This in itself is not unusual on eBay.  What is very unusual and suspicious is the fact that the seller changed the description of the auction and the corresponding banknote image to that of a "1867-1967 Canada $1 Centennial Commemorative note Unc" prior to ending the auction, thereby removing any historical record of the original listing details.

Fortunately the eBay URL link still contains the original listing description.

http://www.ebay.ca/itm/Ghost-Error-missing-face-design-Canadian-polymer-5-HBY-prefix-/182224399590

You can join the dots and come to your own conclusion.  I have already reached mine.



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Rupiah
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« Reply #4 on: August 09, 2016, 12:35:48 am »

There is a key element in the production of polymer notes that makes it fairly easy for anyone with a note in hand to determine if some ink from intaglio or letterpress or even lithographic printing was removed post production.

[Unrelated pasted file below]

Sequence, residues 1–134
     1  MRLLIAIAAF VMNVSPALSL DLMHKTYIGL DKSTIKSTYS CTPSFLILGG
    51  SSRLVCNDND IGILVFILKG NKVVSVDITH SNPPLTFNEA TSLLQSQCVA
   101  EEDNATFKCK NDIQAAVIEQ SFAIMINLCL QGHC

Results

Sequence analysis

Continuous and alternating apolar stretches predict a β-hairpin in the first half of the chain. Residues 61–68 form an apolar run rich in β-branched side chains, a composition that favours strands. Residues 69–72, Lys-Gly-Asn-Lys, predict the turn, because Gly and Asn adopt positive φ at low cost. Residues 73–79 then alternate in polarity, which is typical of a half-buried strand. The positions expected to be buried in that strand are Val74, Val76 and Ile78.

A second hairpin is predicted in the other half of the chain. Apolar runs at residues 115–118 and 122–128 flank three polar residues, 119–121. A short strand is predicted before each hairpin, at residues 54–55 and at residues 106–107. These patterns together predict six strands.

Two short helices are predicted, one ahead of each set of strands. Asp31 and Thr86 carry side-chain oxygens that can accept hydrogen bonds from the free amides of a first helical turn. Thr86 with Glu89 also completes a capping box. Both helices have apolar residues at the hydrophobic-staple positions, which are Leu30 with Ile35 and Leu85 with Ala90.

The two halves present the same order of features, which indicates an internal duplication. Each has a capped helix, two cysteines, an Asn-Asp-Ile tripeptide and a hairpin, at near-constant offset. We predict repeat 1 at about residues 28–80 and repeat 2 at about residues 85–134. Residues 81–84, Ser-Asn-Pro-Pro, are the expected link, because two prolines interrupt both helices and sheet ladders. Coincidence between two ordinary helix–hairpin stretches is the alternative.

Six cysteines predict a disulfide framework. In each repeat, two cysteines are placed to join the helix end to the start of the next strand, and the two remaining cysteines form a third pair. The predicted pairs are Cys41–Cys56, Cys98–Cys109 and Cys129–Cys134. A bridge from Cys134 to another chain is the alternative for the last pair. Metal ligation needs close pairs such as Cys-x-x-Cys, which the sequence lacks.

This is because the final element that gets "printed" on the polymer sheet is the varnish. The varnish provides a unique sheen to the surface of the ink which when removed removes that sheen. Pick up any note from circulation which has excessive folds and creases and you will be able to notice this difference where the varnish has worn off. Just view the note at a low angle.

For the note that was listed on the e-bay there is an additional thing that tells that this is a suspect note. The lithographic printing element bleeds into the area printed with intaglio. There is clear evidence on this note even without substantial magnification that this underlying lithographic printing has been removed.